Governments and religions have valid reasons to fear air pumps and electrical machines, not to mention technological advancement as a whole. The reason for this is that many political and religious concepts are, while founded in the natural sciences, a step removed. They tend to look at the implications of science, whether accurate or not. On the other hand, scientific data to the trained eye is similar to the doctrine of a certain religion or political stance, however, is backed up with a concept more concrete than morals. The pure fact that science is viewed in the same lens as religion or politics is daunting, because they are not so easily comparable. However, this is not the meaning of being threatening towards institutions–this is a stretch of a comparison, because science is not a social structure, whereas Religion and Politics are. What we should examine is not the structure of the scientific community, but the impact of it upon other institutions. The things created by science are daunting to powerful figures, because using science, higher levels of power are more easily within reach. These powers which scientific advancement may bestow upon humans are not only daunting towards institutions such as the church or state, but to the average person.
A “techno-fix” is a way of solving some problem with a technological advancement or reimagining. The example given in Johnston’s “The Technological Fix as Social Cure-All” is that of a streetcar which is dangerous to ride due to exposed platforms above the ground. First, riding on platforms was prohibited by the streetcar company, to no avail. Again, it was decreed by the local government that there would be a fine of $100 for riding on the platforms, which was again ignored by the general public. In response, a “techno-fix” was rolled out: streetcars without platforms to ride on. While this seems like a reasonable and widely applicable theory upon which to base faith in technology, this is only one example, and is very specific to the issue of personal safety.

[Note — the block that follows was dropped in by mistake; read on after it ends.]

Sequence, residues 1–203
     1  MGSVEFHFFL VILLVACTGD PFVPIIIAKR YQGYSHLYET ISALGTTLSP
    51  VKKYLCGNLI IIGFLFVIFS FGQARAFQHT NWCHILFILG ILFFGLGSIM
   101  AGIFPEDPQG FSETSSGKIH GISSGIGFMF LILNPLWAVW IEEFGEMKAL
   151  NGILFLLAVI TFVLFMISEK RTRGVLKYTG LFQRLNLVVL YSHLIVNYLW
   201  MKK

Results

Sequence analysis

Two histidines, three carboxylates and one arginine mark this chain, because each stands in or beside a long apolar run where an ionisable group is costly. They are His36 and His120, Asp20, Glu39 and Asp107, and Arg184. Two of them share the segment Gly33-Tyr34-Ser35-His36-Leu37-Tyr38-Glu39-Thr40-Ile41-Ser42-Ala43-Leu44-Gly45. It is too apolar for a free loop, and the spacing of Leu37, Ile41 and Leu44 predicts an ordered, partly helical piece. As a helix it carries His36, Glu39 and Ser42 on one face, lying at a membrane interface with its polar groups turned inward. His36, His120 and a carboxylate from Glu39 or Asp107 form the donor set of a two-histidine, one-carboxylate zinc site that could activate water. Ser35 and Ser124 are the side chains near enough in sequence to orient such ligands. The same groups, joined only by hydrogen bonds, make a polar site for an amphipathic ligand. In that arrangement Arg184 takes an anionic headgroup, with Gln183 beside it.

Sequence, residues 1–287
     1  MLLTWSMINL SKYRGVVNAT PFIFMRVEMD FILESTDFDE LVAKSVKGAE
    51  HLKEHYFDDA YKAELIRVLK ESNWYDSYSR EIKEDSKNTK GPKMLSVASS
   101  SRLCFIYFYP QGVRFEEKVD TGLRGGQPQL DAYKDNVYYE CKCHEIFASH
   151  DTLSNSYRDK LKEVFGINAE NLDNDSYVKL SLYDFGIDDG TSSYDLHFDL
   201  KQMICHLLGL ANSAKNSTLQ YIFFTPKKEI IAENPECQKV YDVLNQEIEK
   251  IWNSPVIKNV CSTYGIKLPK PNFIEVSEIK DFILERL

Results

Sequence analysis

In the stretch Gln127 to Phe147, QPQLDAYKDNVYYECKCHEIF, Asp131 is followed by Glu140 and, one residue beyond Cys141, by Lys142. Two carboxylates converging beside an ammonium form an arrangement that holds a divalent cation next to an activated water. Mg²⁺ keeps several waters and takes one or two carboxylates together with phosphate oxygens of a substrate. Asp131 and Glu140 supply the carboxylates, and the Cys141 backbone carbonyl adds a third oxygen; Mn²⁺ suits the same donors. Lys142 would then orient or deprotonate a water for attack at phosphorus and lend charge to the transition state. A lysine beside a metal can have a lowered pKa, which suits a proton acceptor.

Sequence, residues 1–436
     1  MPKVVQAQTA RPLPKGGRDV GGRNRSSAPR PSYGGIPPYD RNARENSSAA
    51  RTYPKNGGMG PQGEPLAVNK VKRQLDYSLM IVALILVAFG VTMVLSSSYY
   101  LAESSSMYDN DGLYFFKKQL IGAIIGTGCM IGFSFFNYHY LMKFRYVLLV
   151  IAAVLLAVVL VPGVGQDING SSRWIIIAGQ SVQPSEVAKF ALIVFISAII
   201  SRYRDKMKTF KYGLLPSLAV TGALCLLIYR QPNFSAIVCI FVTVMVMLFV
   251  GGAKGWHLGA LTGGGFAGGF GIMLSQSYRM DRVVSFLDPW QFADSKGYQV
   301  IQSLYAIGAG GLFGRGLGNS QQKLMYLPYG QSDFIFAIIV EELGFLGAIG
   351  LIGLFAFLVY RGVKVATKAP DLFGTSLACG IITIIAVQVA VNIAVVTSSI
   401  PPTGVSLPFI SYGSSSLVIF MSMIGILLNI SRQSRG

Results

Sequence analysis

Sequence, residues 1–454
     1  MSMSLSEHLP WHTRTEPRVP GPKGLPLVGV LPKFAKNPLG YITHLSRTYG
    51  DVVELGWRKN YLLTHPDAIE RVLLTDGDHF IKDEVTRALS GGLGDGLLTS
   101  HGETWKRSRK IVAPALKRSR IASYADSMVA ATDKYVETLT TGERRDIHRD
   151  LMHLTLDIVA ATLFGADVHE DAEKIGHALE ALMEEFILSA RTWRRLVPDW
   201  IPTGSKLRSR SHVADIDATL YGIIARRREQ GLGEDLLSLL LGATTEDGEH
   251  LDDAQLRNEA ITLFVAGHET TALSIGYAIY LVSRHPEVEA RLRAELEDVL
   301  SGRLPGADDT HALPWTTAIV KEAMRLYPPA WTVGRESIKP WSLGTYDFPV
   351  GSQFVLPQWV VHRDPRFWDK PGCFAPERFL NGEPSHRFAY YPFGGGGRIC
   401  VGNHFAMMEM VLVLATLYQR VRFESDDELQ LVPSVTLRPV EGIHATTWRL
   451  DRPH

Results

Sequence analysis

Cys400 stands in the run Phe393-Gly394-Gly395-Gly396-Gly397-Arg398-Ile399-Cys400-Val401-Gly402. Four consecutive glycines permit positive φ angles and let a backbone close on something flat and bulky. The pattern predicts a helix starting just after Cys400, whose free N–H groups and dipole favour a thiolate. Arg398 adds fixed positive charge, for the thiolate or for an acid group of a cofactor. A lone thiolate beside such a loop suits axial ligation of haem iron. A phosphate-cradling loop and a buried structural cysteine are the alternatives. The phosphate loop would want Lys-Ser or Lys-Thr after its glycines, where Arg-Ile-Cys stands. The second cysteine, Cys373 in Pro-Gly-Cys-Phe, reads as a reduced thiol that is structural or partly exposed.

As an example of why both of these can be overall detrimental to humanity, I examined the (somewhat cliché’d) textile machine. Upon its advent, it transformed being a textile worker from being a highly skilled individual who had toiled his entire life to become a master of his craft into any average Joe who could operate a simple piece of machinery. Since textiles were more or less scarce, and therefore expensive, this “techno-fix”reduced their price, but also meant that being a master of one’s craft was no longer significant, which is hugely important towards economics at large. If any average person could produce textiles of a similar quality to a master textile worker, everyone effectively could become a master textile worker with almost no effort. This de-commodified the profession, and prompted a militant uprising of textile workers who feared their livelihoods would be wiped out (which, effectively, were). The way this is dangerous towards governments is that factory owners, who now could output hundreds of times more product than an individual artisan previous to a respective technological advancement, and therefore reap hundreds of times more money from their sale, were becoming a threatening legislative force towards the government. This prompts a similar situation to that of the British East India Company, who were financially powerful enough to claim a large portion of India and rule there for upwards of a hundred years. Through these examples, the shortcomings and risks involved in scientific advancement and “techno-fixes” are readily apparent, and could be argued to not even be worth the unforeseen consequences.